Use some of these methods to help your child learn to form sentences and connect them together to build full concepts or ideas.
Beginning writers usually start by stringing together random letters. With time and experience, words and simple sentences take shape. Use some of these methods to help your child learn to form sentences:
- Encourage your child to ‘pretend write’ (scribble) notes to you or make up lists of grocery items or things found around the house.
- Help them to think about the letter sounds they hear in a word. Can they write any of the letters they hear?
- Provide your child with some simple, unfinished sentences so they can fill in the blanks. For example, “I can see a _______,” or “The dog was_______.” Your child can write several of these sentences, adding a different word each time to form a simple story.
- Have your child create an alphabet book by drawing or cutting out pictures of things that begin with each letter of the alphabet. Underneath each picture, write the letter and a simple sentence describing the picture. For example, “’A’ is for ______ “ (e.g. apple) and “Apples are ________” (e.g. red).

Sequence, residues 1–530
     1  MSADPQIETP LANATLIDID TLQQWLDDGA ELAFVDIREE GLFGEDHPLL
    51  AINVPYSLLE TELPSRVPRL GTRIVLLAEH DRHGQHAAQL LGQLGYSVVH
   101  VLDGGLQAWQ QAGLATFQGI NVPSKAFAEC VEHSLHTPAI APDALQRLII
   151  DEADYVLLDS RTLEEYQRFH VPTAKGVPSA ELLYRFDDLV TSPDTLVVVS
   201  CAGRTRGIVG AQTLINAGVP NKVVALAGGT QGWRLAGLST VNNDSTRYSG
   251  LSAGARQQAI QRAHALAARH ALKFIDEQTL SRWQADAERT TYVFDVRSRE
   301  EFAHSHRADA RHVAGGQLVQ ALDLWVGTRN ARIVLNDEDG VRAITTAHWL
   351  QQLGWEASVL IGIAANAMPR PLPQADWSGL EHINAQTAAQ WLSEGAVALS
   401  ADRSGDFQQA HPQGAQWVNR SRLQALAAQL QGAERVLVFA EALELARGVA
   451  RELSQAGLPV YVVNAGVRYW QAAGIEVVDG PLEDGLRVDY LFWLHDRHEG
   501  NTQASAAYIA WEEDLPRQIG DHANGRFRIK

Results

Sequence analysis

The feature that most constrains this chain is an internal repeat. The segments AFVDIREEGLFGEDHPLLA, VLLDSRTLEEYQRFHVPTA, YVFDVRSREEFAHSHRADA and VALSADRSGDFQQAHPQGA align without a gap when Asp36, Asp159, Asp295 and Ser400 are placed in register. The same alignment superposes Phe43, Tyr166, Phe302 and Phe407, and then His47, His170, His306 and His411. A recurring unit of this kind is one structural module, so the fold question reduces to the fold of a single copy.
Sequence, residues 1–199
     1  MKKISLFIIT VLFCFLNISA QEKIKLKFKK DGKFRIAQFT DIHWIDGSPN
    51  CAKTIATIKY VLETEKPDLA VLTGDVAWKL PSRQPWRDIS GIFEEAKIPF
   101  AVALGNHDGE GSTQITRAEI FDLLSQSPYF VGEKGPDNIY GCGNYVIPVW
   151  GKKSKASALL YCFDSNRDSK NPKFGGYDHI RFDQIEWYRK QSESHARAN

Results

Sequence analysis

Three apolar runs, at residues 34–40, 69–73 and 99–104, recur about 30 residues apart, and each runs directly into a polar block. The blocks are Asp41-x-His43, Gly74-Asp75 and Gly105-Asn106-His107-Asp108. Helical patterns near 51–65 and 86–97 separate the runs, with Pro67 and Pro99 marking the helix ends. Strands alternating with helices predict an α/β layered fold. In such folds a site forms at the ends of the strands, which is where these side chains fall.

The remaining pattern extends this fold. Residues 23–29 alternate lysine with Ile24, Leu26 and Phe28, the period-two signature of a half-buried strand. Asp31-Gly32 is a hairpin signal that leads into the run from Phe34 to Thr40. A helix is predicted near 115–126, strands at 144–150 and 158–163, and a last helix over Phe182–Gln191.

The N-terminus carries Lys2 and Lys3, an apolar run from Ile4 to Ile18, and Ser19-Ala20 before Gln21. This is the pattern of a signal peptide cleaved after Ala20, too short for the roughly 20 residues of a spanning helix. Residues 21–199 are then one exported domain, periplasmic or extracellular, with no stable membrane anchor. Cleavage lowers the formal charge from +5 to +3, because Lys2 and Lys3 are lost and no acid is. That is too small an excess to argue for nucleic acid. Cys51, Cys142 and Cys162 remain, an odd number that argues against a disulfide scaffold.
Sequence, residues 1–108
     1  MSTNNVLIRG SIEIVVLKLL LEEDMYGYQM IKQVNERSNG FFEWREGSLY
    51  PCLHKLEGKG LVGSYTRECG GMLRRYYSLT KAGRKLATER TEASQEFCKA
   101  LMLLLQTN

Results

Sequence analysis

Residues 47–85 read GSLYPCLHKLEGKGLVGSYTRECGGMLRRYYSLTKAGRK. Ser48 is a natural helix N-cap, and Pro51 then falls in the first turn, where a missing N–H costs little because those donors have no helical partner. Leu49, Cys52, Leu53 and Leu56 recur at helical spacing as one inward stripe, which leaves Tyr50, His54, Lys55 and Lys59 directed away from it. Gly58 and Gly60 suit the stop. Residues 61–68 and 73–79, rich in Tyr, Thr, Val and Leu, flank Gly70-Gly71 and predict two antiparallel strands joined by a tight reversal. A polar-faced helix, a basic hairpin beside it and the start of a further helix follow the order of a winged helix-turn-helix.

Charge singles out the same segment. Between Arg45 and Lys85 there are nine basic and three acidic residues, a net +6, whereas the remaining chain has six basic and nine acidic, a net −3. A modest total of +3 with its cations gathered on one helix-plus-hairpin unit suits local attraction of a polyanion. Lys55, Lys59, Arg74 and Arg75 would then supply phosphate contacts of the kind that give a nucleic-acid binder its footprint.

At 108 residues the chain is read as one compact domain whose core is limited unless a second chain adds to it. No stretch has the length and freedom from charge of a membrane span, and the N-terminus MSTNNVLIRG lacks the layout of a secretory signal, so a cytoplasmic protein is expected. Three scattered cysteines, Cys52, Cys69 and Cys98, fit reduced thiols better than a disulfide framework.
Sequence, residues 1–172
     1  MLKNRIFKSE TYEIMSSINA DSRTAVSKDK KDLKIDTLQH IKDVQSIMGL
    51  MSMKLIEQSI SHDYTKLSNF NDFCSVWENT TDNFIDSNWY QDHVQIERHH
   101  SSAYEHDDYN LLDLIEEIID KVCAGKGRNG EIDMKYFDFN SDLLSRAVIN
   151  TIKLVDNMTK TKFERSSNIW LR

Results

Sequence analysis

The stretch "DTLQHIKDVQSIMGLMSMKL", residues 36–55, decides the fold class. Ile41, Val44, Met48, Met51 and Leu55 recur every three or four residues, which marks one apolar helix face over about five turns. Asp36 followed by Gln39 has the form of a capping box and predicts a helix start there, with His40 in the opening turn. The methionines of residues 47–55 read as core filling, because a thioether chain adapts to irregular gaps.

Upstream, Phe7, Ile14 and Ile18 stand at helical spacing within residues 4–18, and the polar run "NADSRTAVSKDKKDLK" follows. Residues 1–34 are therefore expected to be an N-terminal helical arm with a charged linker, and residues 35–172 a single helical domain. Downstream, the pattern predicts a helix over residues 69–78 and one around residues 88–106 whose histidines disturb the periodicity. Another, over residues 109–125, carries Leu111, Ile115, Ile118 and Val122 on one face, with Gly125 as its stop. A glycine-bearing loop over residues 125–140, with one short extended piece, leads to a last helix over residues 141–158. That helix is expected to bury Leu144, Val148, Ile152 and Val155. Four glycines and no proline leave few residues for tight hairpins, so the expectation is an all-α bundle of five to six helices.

Beginning writers create simple sentences with one main idea (such as, “I like dogs”). The sentences or ideas are often related, but do not have ‘connecting’ words like “and” or “but” (for example, “Dogs have soft fur. Dogs are nice.”). Use some of these methods to help your child learn how to connect their thoughts:
- Use a highlighter to mark ‘connecting’ words in storybooks, newspapers or magazines. This will give your child new ideas for connecting ideas in their writing.
- Look at familiar stories. Point out the different words the author uses to indicate the passage of time. You will see phrases like “a few days later,” “the next day,” “after she woke up,” “one day,” and “finally.” Encourage your child to use these kinds of ‘connecting’ words in their own stories.
- Ask your child to write a few sentences or a short story about something they like – such as a favourite teddy bear, a family pet or a friend. Help your child go through the story and link related ideas using connecting words (for example, “and”, “but” or “then”). Help your child add variety to their writing by thinking of other words that could connect related ideas.